Anthony Lawrence, ‘Vision’


Whenever a nervous animal feels compelled
to put its eye to the scoping-glass of a waterball
and finds, in that overview, river gums softened
by charcoal rubbings of shade, or a dust cloud

on a back road shooters use, elsewhere
other animals will be tilting waxen leaves
to release a cool displacement of mirror work
all concentration gone on swallowing, on need.

For myself, having seen this in miniature
and panorama, though not from some desire
to conjure and appropriate wallaby vision
or the singular looks corellas give each other

at the height of a mating season, I prefer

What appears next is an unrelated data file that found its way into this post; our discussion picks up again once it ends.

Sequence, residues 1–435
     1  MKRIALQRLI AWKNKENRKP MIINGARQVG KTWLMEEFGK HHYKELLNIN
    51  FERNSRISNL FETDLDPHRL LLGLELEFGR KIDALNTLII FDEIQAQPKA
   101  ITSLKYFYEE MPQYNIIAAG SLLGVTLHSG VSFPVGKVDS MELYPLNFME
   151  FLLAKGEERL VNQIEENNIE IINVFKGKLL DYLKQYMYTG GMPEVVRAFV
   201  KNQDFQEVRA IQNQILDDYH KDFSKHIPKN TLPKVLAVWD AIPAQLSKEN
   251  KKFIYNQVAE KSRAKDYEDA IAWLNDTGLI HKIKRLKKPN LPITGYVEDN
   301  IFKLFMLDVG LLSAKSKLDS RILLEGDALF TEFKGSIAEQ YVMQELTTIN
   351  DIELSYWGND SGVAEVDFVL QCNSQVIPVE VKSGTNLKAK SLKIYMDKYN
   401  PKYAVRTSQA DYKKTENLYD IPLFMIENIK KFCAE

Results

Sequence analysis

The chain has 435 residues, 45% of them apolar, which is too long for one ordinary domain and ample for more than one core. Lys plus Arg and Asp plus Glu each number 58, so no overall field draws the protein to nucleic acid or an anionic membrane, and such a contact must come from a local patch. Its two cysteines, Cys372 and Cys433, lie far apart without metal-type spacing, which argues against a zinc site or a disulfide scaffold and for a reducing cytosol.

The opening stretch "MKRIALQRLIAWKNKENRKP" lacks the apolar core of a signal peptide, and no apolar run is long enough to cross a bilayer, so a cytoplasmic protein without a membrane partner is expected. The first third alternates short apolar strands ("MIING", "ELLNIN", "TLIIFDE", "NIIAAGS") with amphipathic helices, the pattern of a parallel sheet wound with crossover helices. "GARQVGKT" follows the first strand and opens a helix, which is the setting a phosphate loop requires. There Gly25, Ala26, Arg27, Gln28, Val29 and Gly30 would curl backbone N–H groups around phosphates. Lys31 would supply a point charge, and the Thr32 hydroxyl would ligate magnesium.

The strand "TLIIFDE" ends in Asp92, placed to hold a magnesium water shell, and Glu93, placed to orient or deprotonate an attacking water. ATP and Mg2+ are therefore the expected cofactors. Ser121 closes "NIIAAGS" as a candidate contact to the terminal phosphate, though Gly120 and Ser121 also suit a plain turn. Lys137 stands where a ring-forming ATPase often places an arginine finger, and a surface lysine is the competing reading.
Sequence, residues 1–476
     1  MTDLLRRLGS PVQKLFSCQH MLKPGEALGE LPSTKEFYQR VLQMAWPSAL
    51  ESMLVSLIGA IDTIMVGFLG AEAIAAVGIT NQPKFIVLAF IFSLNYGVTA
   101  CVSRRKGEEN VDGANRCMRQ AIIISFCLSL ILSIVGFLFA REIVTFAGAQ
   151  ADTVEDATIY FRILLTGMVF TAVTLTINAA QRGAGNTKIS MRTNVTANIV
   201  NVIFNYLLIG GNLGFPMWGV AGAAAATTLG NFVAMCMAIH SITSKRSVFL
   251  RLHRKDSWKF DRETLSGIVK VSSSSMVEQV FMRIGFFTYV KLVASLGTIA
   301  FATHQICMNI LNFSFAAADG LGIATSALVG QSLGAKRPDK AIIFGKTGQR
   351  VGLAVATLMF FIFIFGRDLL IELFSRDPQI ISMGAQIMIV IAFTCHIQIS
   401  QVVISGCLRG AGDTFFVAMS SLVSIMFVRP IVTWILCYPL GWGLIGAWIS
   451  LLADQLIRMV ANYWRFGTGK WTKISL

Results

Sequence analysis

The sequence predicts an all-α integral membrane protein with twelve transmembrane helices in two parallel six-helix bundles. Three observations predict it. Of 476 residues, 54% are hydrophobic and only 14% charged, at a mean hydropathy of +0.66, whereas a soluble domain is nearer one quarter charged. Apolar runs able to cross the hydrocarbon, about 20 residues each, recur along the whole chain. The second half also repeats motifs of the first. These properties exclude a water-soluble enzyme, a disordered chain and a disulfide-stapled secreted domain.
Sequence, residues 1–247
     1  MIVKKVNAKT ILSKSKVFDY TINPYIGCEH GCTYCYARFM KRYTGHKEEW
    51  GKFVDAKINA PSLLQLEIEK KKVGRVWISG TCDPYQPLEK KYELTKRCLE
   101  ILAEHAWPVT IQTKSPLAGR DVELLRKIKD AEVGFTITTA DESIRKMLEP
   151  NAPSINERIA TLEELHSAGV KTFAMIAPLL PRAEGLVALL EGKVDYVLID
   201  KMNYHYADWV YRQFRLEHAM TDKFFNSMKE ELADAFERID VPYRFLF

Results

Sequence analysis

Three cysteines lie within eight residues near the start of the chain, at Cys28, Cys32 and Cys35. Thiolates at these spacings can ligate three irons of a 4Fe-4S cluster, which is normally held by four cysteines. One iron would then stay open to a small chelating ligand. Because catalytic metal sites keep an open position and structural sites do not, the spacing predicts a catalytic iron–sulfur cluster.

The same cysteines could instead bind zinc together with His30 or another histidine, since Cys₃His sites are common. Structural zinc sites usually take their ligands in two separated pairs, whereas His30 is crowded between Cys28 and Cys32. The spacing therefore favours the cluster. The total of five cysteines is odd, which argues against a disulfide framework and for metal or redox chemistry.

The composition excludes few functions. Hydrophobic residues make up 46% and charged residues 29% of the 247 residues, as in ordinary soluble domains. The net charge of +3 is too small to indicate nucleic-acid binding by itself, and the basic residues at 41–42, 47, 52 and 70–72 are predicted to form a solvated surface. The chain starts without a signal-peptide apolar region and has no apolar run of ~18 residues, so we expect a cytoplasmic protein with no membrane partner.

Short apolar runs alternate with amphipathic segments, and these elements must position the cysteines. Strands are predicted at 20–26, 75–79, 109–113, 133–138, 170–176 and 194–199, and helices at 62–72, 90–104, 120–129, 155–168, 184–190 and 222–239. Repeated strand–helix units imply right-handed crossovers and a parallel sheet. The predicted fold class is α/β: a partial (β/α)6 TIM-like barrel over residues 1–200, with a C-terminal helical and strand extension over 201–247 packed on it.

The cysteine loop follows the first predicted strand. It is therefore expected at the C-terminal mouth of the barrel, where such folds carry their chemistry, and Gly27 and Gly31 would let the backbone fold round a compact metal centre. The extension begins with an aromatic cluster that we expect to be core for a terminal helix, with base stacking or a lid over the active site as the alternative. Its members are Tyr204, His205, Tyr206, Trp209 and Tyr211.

my views to be aired internally while sipping
from a rough-cut glass, the water filtered
and imbued with a pure, not blended

highland spirit, once barreled in oak
to luxuriate where, as any visionary worth
the length and duration of their gaze will confirm
the spells darkness and tradition have begun

are completed and given free range
to redefine, not change, what a bird or animal
might see, before and after taking the edge
from a nervous disposition, or thirst.

from  The Welfare of My Enemy   by Anthony Lawrence

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